Kenworth further argues that its “valid, effective and disseminated policy prohibiting harassment” precludes it from being charged with constructive notice.   We have held that “[w]here there is no policy, or where there is an ineffective or incomplete policy, the employer remains liable for conduct that is so severe and pervasive as to confer constructive knowledge,” but when an employer has “promulgated an effective and comprehensive” anti-harassment policy that is “aggressively and thoroughly disseminated” to its employees, an employee's failure to utilize the policy's grievance process will prevent constructive knowledge of such harassment from adhering to the employer.   See Farley v. Am. Cast Iron Pipe Co., 115 F.3d 1548, 1554 (11th Cir.1997).   We cannot find Kenworth's Work Place Conduct Policy to be either comprehensive or effective.   It was certainly not aggressively or thoroughly disseminated.   Despite Kenworth's claims of its policy's effectiveness, no member of the management hierarchy was familiar with it, it was not posted in the workplace, and it was inexplicably missing from Miller's personnel file.7  Furthermore, a policy must be found ineffective when company practice indicates a tolerance towards harassment or discrimination.   Despite the presentation given to the Dothan employees by Thurmond at the November safety meeting, Galpin's abusive treatment of Miller continued without any intervention by Brooks, indicating acceptance and tolerance of the behavior.   We cannot therefore conclude that the mere existence of Kenworth's general anti-discrimination policy would prevent a reasonable jury from charging Kenworth with constructive notice of Galpin's harassment of Miller.

In light of the constructive notice Kenworth had of the hostile work environment suffered by Miller, the jury could reasonably have found it directly liable to Miller if it concluded that Kenworth failed to take immediate and appropriate corrective action.   There is absolutely no evidence in the record to indicate that Kenworth took any action whatsoever against Galpin, let alone that which would rise to the level of appropriate and immediate.   See Fleming v. Boeing Co., 120 F.3d 242, 247 (11th Cir.1997).   It was thus reasonable for the jury to conclude that Kenworth was directly liable for the hostile work environment it should reasonably have known of, yet failed to remedy.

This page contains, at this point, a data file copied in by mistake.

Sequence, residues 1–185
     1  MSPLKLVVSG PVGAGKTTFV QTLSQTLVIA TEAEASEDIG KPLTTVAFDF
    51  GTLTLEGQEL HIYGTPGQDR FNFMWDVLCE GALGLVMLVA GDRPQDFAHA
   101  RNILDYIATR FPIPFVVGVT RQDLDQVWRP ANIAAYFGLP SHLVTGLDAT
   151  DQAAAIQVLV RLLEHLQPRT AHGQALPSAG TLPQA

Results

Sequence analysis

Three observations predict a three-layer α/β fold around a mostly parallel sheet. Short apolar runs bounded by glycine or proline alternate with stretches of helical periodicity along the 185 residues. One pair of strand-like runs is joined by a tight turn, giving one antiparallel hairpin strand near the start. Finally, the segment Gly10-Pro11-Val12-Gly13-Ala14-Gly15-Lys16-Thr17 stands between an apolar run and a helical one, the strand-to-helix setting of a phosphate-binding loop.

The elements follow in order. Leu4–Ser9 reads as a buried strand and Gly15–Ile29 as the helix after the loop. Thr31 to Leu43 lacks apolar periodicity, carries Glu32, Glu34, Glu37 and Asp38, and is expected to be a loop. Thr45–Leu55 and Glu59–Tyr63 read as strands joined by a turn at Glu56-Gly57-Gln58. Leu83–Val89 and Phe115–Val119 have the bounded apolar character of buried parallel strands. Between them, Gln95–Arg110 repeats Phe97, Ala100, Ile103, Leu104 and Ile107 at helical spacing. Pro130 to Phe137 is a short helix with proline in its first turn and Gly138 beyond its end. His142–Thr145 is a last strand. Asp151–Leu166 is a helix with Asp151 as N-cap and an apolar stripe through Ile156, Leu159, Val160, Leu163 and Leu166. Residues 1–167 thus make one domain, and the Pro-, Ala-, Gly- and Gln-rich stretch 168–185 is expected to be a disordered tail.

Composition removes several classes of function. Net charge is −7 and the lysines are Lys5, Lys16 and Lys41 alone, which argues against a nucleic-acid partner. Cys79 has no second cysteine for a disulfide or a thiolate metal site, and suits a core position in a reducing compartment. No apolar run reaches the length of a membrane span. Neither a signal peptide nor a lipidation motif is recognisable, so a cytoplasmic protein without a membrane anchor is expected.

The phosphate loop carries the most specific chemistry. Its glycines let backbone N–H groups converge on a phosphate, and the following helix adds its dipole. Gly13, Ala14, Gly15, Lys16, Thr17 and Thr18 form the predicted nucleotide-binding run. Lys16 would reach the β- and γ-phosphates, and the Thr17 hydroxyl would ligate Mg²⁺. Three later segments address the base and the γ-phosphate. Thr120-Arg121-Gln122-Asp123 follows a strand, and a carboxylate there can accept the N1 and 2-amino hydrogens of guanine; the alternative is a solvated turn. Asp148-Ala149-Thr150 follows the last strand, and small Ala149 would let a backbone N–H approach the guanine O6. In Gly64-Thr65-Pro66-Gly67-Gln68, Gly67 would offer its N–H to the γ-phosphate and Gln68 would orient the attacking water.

Finally, Kenworth asks this court to hold erroneous the district court's submission of the punitive damages issue to the jury.   The Supreme Court has directed that, for the issue of punitive damages to reach the jury in a section 1981 case, the plaintiff must come forward with substantial evidence that the employer acted with actual malice or reckless indifference to his federally protected rights.   See Kolstad v. Am. Dental Ass'n., 527 U.S. 526, 536-37, 119 S.Ct. 2118, 2125-26, 144 L.Ed.2d 494 (1999).   Malice or reckless indifference is established by a showing that the employer discriminated in the face of the knowledge that its actions would violate federal law.   See id. at 536, 119 S.Ct. at 2125.   We have held that “punitive damages will ordinarily not be assessed against employers with only constructive knowledge” of harassment;  rather, punitive damages may only be considered in cases where the “discriminating employee was high[ ] up the corporate hierarchy” or where “higher management countenanced or approved [his] behavior.”  Dudley v. Wal-Mart Stores, Inc., 166 F.3d 1317, 1323 (11th Cir.1999) (internal citations omitted).   Finally, the Supreme Court has held that employers may assert a good faith defense to vicarious liability for punitive damages where the “employment decisions of managerial agents ․ are contrary to the employer's ‘good-faith efforts to comply with Title VII.’ ” Kolstad, 527 U.S. at 545, 119 S.Ct. at 2129.